Roger Federer survived a soulless late-night scrap with German Dominik Koepfer to reach the fourth round of the French Open – then admitted he could pull out of the tournament with Wimbledon in mind.
Roland Garros' new night session matches are being held behind closed doors this week because of a 9pm curfew in Paris, and Serena Williams, Novak Djokovic and Rafael Nadal have all taken their turn playing to an empty stadium.
But the sight of tennis' biggest superstar, who attracts sell-out crowds wherever he goes, fighting for his life in the tournament in such circumstances was particularly jarring.
Had he lost, it could well have been the saddest of farewells to an event that has loved him arguably more than any other, and that looked a distinct possibility for nearly all of the three hours and 35 minutes they were on court.
Federer searched and searched for his game, finding it in patches only for the errors to creep in again, but he eventually secured a 7-6 (5) 6-7 (3) 7-6 (4) 7-5 victory and a place in the last 16 against Italy's Matteo Berrettini.
Federer has always cited Wimbledon as his main goal of the season, and he said: "These are all stepping stones to something that is really important to me.
"We go through these matches, we analyse them highly and look on what's next and will do the same tonight and tomorrow, because I need to decide if I keep on playing or not or is it not too much risk at this moment to keep on pushing or is this just a perfect way to just take a rest.
"Because I don't have the week in between here and (the grass-court tournament in) Halle like normal, (we need) to see what's best now if you count back from Wimbledon.
"It's just a lot going on but, having a match like this, knowing I could have probably played a fifth set but not knowing how I will wake up tomorrow, is interesting, to say the least."
German Koepfer, ranked 59, was looking to reach the fourth round at a slam for just the second time having already posted his best result at Roland Garros.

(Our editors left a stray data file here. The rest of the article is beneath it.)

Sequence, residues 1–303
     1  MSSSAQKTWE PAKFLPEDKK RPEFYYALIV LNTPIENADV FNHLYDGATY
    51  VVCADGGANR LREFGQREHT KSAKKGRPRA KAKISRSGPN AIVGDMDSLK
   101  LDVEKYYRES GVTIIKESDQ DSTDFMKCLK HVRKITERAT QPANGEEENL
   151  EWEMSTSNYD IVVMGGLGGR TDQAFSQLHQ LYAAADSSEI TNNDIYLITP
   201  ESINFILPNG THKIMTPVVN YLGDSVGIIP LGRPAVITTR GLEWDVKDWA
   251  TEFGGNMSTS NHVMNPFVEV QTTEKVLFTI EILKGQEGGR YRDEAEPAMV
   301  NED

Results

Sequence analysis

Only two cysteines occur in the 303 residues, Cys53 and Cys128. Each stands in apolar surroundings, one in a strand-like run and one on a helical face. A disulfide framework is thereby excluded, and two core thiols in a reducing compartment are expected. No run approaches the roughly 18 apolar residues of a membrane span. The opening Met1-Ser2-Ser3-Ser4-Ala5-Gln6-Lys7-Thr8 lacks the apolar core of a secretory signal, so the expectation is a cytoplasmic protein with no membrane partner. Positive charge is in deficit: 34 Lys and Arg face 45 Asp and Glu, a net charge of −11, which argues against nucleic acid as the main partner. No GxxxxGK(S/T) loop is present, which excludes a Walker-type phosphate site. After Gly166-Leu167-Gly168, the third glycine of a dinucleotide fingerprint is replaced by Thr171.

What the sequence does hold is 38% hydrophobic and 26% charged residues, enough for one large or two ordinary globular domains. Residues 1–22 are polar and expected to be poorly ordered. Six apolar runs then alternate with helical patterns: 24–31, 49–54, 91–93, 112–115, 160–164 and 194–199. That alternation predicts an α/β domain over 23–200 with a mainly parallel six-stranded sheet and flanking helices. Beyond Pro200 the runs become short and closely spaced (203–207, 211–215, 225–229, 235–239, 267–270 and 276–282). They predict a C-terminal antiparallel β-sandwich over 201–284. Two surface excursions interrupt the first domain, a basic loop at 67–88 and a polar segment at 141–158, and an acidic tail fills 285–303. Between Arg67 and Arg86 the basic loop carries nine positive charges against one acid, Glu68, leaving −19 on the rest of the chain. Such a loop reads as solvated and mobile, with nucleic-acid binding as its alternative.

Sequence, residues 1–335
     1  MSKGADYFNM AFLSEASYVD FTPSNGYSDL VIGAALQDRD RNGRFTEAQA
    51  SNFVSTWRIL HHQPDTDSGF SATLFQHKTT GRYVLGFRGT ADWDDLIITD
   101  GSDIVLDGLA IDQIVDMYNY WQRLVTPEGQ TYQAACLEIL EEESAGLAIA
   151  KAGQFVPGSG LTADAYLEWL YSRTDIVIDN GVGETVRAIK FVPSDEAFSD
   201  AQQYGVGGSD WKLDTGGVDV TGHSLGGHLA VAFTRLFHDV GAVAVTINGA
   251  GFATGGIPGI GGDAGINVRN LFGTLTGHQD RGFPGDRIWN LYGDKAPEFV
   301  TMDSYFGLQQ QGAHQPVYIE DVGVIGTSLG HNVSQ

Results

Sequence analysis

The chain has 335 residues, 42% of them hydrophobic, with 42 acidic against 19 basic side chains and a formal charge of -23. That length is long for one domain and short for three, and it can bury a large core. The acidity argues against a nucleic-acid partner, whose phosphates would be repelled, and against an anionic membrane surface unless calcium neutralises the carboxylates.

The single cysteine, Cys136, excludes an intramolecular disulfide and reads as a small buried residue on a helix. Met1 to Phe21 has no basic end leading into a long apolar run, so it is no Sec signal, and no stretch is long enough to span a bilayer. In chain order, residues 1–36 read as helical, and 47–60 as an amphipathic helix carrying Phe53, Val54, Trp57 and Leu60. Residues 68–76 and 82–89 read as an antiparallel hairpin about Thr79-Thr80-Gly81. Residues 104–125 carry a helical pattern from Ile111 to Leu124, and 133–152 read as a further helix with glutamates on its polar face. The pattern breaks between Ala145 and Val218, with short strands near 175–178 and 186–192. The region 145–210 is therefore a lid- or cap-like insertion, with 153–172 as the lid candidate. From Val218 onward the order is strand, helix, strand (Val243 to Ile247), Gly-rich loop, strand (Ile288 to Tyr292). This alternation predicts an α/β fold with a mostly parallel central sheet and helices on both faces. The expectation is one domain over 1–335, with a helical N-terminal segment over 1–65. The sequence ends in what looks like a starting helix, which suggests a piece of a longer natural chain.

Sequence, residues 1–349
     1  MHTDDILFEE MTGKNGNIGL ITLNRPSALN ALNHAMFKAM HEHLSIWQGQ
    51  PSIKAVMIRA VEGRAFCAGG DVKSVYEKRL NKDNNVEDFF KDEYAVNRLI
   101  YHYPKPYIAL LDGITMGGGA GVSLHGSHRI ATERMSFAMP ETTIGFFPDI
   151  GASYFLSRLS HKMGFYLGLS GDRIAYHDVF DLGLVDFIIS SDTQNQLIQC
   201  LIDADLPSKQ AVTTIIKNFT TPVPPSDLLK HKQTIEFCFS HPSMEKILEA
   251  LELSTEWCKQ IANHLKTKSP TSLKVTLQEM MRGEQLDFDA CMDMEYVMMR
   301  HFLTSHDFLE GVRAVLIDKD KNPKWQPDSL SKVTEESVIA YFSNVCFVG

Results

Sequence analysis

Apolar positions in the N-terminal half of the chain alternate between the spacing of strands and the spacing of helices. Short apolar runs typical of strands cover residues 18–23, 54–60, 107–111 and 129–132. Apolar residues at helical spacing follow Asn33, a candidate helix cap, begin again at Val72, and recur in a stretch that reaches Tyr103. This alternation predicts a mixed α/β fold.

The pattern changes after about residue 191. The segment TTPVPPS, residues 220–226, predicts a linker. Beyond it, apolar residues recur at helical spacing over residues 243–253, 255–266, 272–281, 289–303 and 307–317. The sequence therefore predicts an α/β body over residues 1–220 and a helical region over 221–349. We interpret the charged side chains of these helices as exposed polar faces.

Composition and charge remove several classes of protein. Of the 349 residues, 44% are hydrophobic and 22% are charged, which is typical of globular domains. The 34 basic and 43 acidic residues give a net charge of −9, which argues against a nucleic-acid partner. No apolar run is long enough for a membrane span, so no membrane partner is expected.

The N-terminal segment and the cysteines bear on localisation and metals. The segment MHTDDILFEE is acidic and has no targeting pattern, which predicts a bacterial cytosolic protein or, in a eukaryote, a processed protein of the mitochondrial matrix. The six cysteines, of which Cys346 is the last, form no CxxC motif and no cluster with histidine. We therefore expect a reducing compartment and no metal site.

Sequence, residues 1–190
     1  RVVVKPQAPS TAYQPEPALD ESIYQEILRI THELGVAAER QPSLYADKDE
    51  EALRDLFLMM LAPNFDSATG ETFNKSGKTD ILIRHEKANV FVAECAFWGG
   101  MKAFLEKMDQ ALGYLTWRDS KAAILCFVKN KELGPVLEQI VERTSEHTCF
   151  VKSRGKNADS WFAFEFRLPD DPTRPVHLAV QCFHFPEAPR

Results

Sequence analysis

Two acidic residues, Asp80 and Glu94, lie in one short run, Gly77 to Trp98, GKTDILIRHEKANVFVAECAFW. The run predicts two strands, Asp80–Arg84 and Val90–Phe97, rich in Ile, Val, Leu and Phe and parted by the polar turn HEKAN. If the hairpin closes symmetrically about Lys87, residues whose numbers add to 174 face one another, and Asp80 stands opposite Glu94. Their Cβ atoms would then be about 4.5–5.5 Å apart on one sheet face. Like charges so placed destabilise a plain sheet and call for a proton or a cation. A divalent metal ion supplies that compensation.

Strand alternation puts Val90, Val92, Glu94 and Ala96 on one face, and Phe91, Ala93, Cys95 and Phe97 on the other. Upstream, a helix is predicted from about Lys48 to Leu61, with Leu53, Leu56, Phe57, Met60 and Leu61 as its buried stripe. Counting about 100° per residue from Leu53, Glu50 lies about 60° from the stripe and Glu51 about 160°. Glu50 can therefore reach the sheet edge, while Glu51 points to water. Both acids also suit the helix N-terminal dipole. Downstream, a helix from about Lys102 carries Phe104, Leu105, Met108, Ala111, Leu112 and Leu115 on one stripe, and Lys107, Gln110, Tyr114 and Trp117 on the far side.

Federer ground out the first set and was twice an early break up in the second but Koepfer kept snapping at the 20-time grand slam champion's heels, troubling him with the weight of his ball-striking and tenacious play.
It was Koepfer who took the set after an error-strewn tie-break from Federer, and the eighth seed was in a real hole down a break in the third set.
But he pulled it back to 4-4 and clinched the set on another tie-break – it was the first time in Federer's long grand slam career that he had ever been involved in a match where the first three sets were decided by tie-breaks.
As the clock ticked past midnight, Federer moved a break ahead early in the fourth set only to give the advantage straight back despite Koepfer, who had earlier received a warning, being given a point penalty for spitting on a ball mark.
Koepfer's resistance ran out when he was broken for 6-5, with Federer, who turns 40 in August, finally clinching a weary victory.
Federer's two knee operations mean he has mostly missed pandemic tennis with all its restrictions, and he said: "To go out tonight, sure, it wasn't easy.
"It was a lot of premiers for me: playing against Koepfer for first night session here in Paris, first time no fans in a long, long time, or ever in my career. That was definitely very unique in many ways, and I'm happy I found a way.
"Also especially emotionally, how do you handle losing that second set? How do you handle to keep pushing yourself on and try to feed off the energy of the team and thinking of all the people watching on TV?
"I was really picturing a lot of people on a Saturday night maybe checking in on the game and watching some tennis. So, in many ways, I was also playing for them and trying to let that inspire me.
"I clearly hadn't practised for three hours 35. I pushed as much as I could, as we thought reasonable. But this today was I think a huge step forward for the team. I didn't expect to be able to win three matches here."